Breast cancer

14 May 2008

Teen exercise curbs breast cancer

New research shows exercise during the teen years - starting as young as age 12 - can help protect girls from breast cancer when they are grown.

New research shows exercise during the teen years - starting as young as age 12 - can help protect girls from breast cancer when they are grown.

Middle-aged women have long been advised to get active to lower their risk of breast cancer after menopause.

What is new: That starting so young also pays off.

"This really points to the benefit of sustained physical activity from adolescence through the adult years, to get the maximum benefit," said Dr Graham Colditz of Washington University School of Medicine in St. Louis, the study's lead author.

Researchers tracked nearly 65 000 nurses ages 24 to 42 who enrolled in a major US health study. They answered detailed questionnaires about their physical activity dating back to age 12. Within six years of enrolling, 550 were diagnosed with breast cancer before menopause. A quarter of all breast cancer is diagnosed at these younger ages, when it's typically more aggressive.

Risk drops by 23%
Women who were physically active as teens and young adults were 23 percent less likely to develop premenopausal breast cancer than women who grew up sedentary, researchers report in the Journal of the National Cancer Institute.

The biggest impact was regular exercise from ages 12 to 22.

"This is not the extreme athlete," Colditz cautioned.

The women at lowest risk reported doing 3 hours and 15 minutes of running or other vigorous activity a week - or, for the less athletic, 13 hours a week of walking. Typically, the teens reported more strenuous exercise while during adulthood, walking was most common.

Why would it help? A big point of exercise in middle age and beyond is to keep off the pounds. After menopause, fat tissue is a chief source of oestrogen.

In youth, however, the theory is that physical activity itself lowers oestrogen levels. Studies of teen athletes show that very intense exercise can delay onset of menstrual cycles and cause irregular periods.

The moderate exercise reported in this study was nowhere near enough for those big changes. But it probably was enough to cause slight yet still helpful hormone changes, said Dr Alpa Patel, a cancer prevention specialist at the American Cancer Society, who praised the new research.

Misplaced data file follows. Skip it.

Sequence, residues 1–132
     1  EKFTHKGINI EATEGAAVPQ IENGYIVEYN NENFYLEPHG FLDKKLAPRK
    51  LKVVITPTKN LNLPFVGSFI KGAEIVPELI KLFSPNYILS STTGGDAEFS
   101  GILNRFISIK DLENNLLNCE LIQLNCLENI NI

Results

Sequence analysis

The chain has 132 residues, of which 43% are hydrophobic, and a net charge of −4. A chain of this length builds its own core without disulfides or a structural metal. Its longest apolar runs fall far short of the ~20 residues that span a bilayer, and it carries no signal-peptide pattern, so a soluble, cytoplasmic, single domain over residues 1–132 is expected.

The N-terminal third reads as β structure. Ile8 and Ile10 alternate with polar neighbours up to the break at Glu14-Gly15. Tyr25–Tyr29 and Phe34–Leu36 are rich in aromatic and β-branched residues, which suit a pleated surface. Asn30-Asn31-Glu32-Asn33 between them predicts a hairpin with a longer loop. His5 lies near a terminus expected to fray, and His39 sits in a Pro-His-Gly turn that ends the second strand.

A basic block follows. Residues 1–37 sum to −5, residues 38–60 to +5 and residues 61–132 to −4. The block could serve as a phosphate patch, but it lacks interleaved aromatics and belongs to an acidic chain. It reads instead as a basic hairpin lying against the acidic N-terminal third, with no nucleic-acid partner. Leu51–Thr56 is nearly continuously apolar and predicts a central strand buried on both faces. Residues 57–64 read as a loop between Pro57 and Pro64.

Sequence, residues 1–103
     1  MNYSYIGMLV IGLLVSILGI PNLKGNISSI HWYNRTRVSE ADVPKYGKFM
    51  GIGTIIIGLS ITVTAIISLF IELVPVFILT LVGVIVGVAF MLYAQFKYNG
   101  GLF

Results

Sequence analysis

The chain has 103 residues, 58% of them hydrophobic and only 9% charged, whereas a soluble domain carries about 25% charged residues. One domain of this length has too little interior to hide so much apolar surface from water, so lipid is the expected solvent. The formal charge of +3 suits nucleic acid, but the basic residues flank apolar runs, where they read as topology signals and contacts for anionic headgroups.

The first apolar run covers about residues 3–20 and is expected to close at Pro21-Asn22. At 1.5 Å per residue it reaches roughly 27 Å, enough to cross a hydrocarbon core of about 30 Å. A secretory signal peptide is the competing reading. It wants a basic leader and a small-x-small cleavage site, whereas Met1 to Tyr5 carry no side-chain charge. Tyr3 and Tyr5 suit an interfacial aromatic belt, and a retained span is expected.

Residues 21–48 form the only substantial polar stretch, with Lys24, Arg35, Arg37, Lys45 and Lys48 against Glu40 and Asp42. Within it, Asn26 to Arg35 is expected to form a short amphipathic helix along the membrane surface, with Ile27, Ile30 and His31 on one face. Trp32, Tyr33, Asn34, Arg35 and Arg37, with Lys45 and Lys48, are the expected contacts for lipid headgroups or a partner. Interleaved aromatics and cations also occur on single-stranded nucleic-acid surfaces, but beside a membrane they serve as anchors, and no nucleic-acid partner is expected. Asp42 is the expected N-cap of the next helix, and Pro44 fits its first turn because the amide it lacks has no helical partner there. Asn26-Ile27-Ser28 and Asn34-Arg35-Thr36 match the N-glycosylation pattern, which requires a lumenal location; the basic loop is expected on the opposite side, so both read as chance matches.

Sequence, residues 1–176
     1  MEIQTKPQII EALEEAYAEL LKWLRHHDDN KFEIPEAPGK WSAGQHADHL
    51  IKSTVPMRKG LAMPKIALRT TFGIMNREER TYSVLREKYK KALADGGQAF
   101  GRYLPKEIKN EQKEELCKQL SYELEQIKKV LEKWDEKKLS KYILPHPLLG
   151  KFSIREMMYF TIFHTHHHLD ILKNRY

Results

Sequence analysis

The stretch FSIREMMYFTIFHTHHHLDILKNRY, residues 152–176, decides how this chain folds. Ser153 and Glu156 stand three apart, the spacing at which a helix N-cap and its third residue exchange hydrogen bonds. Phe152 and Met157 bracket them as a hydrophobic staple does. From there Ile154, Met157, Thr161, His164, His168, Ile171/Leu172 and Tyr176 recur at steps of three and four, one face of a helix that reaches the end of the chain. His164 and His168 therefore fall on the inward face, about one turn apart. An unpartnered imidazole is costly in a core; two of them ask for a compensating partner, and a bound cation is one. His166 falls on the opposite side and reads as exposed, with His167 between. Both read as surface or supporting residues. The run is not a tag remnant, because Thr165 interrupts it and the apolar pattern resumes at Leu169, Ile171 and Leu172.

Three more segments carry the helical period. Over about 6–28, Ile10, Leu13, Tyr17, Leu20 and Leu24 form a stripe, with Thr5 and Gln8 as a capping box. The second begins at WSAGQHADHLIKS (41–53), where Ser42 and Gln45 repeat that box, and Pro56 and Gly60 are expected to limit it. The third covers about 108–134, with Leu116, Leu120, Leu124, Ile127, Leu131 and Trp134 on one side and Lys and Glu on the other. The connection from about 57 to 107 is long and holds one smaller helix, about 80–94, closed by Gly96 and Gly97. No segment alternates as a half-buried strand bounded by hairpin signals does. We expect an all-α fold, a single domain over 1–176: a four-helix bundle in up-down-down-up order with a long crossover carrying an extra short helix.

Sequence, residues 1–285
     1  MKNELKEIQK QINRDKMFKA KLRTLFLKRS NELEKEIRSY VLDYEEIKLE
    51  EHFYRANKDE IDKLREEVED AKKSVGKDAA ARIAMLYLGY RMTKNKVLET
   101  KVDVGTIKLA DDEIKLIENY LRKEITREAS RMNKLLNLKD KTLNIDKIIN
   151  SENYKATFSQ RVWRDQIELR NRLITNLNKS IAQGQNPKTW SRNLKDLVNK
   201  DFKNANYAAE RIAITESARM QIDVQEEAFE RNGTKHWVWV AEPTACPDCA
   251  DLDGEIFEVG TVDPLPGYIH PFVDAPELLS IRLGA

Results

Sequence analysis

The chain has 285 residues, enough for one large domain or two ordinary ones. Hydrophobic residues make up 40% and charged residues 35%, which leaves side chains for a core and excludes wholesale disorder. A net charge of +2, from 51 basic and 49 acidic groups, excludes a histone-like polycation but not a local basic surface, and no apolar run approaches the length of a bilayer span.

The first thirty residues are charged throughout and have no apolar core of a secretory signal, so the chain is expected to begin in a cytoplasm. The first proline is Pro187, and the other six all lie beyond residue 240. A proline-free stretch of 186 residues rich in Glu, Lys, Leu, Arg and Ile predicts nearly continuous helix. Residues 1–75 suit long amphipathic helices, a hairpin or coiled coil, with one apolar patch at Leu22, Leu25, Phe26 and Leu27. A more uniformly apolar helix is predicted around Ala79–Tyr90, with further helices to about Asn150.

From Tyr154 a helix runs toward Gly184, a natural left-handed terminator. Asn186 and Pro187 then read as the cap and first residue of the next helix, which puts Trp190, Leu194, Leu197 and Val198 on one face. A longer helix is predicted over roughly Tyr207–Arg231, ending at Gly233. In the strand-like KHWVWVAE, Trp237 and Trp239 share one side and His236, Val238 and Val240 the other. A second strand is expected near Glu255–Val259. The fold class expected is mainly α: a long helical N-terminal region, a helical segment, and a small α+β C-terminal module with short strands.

Benefits from exercise in youth
And while the study examined only premenopausal breast cancer, "it's certainly likely and possible" that the protection from youthful exercise will last long enough to affect more common postmenopausal breast cancer, too, Colditz added.

If you were a bookworm as a teen, it is not too late, Patel said.

Other research on the middle-age benefits of exercise shows mom should join her daughters for that bike ride or game of tennis, or at least a daily walk around the block.

Many breast cancer risks a woman can't change: How early she starts menstruating, how late menopause hits, family history of the disease.

Even though the exercise benefit is modest, physical activity and body weight are risk factors that women can control, Patel stressed.

"I'd say you and your daughter are getting off the couch," she said.

"Women who engage in physical activity not only during adolescence, but during adulthood lower their risk." – (Sapa)

Read more:
Breast Centre

May 2008


Read Health24’s Comments Policy

Comment on this story
Comments have been closed for this article.

Ask the Expert

Breast cancer expert

Dr Gudgeon qualified in Birmingham, England, in 1968. She has more than 40 years experience in oncology, and in 1994 she founded her practice, Cape Breast Care, where she treats benign and malignant breast cancers. Dr Boeddinghaus obtained her qualification at UCT Medical School in 1994 and her MRCP in London in 1998. She has worked extensively in the field of oncology and has a special interest in the hormonal management of breast cancer. She now works with Dr Gudgeon at Cape Breast Care. Read more.

Still have a question?

Get free advice from our panel of experts

The information provided does not constitute a diagnosis of your condition. You should consult a medical practitioner or other appropriate health care professional for a physical exmanication, diagnosis and formal advice. Health24 and the expert accept no responsibility or liability for any damage or personal harm you may suffer resulting from making use of this content.

* You must accept our condition

Forum Rules